Although improvements have been made such as the  creation of civilian lead investigation bodies and the SIRT teams, the system still has ample room for further upgrading. The inquiries and recommendations are valuable to perfecting the system, although as stated earlier, the police organization is fraught with officers whose natures passively accept that deviance and improper behavior occurs, and is basically required in order to successfully complete job tasks, and therefore, unless issues of deviance are brought into the open, they will continue to occur in the background, unchecked by anyone and shielded from the public by colleagues. The promising prospect of increasing exposure of unacceptable behavior will continue to allow for further citizen review. However, the citizens appointed to such investigative bodies must be truly unbiased and not secretly harbor personal agendas in order for the oversight mechanisms to function properly. In conclusion, with further progress and civilian participation, Canada will work towards engaging in practices beneficial to both police and society.

References:

Braidwood, Thomas. “Braidwood Inquiry.” Braidwood Inquiry 20 May 2010. Web. 27 October 2011.

CBC News. “New Civilian Agency to Probe Police Incidents in BC.” CBC News 17 May 2011. Web. 27 October 2011.

Commission for Public Complaints Against the RCMP. “Police Investigating Police – Final Public Report.” Commission for Public Complaints Against the RCMP. Government of Canada., Aug. 2009. Web. 27 October 2011.

Doug. “Reading Into the New Independent Investigations Office (IIO).” Pivot Legal 18 May 2011. Web. 27 October 2011.

Government of Nova Scotia. “Serious Incident Response Team.” Government of Nova Scotia 28 Sept. 2011. Web. 27 October 2011.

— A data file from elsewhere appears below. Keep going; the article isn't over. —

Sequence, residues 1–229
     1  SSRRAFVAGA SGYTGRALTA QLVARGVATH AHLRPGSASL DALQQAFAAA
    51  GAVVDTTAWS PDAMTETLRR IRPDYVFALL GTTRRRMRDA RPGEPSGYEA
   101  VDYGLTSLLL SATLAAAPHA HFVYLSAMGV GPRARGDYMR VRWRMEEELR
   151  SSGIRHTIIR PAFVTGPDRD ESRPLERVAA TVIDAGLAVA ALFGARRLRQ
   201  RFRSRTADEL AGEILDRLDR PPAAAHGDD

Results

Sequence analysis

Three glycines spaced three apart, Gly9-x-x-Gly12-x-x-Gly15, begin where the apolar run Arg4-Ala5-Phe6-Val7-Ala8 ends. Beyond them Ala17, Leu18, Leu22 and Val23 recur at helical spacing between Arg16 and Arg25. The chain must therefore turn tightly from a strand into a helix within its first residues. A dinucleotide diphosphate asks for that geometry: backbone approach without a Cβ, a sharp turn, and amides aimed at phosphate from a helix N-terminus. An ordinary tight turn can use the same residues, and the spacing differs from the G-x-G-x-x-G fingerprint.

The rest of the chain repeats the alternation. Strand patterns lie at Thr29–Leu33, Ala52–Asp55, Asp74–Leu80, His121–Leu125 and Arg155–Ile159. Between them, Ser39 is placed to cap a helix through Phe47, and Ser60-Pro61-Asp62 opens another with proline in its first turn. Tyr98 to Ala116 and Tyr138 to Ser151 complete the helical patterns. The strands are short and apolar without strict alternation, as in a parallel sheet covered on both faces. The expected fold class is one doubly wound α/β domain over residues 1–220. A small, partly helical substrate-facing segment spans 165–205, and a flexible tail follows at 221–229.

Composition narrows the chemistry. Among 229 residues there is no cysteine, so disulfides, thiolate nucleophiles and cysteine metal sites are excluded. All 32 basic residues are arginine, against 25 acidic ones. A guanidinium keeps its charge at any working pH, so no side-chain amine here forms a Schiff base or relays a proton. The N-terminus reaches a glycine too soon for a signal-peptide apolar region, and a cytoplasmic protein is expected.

Hryniewicz, Danielle. “Civilian Oversight as Public Good: Democratic Policing, Civilian Oversight and the Social.” Contemporary Justice Review March 2011, Vol. 14 Issue 1. Web. 27 October 2011.

Punch, Maurice. “Police Corruption – Deviance, Accountability and Reform in Public Policing.” Portland: Willan Publishing, 2009.

Strudwick, Katie. “Is Independence the Only Answer to Complainants’ Satisfaction of the Police Complaints Process? A Perspective from the United Kingdom.” Practice and Research March 2003, Vol. 4 Issue 1. Web. 27 October 2011.

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Comments
  1. Mike Larsen says:

    This is an informative post.

    In your conclusion, you note that steps need to be taken to ensure that persons appointed to a civilian investigative body are unbiased. I agree that this important. Minimizing prejudice in any accountability body is important. However, the legitimacy of such a body is only partially dependent upon the character and work of its personnel. We could also say that it is also dependent upon public perceptions that the organization is independent, transparent, and empowered to carry out its mandate.

    I wonder if you could talk about these points.

    Specifically, what constitutes transparency? Also, what powers should a civilian investigative body have?

  2. Mike Larsen says:

    Of interest: The Ontario Court of Appeal has just issued an important decision regarding police oversight by the SIU. The Toronto Star reports that the substance of the decision is that “Police officers involved in fatal shootings and other serious incidents are not permitted to have a lawyer vet or help prepare their notes before they’re turned over to the Special Investigations Unit”. The article can be found here: http://www.thestar.com/news/crime/article/1087268–lawyers-can-t-vet-officers-notes-in-siu-cases-court-rules?bn=1 .